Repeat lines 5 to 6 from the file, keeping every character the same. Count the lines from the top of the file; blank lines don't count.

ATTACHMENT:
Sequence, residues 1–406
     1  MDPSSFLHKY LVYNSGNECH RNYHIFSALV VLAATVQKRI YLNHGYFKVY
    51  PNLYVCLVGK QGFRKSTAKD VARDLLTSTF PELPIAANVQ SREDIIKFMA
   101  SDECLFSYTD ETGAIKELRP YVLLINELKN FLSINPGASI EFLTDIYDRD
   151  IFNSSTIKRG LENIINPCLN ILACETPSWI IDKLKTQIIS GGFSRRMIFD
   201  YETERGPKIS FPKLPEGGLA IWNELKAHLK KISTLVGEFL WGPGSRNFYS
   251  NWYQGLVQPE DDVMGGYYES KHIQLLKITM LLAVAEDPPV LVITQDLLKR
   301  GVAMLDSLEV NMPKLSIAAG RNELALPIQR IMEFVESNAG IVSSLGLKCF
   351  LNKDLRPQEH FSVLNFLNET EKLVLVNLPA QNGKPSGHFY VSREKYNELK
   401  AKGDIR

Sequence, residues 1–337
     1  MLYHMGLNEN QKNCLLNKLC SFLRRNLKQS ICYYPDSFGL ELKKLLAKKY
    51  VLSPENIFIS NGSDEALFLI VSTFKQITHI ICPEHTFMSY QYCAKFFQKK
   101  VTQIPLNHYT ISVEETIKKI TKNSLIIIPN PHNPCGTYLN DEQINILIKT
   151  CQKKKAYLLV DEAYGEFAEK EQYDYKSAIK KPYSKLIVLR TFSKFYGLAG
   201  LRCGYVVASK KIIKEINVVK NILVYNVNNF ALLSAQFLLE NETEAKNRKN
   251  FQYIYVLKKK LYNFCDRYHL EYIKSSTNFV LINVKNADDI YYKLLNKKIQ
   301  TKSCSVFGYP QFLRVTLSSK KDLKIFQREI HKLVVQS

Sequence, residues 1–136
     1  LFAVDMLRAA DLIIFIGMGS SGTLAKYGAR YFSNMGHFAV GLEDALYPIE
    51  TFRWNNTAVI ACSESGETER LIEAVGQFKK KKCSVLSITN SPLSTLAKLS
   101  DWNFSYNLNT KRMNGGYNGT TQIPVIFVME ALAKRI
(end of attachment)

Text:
   151  IFNSSTIKRG LENIINPCLN ILACETPSWI IDKLKTQIIS GGFSRRMIFD
   201  YETERGPKIS FPKLPEGGLA IWNELKAHLK KISTLVGEFL WGPGSRNFYS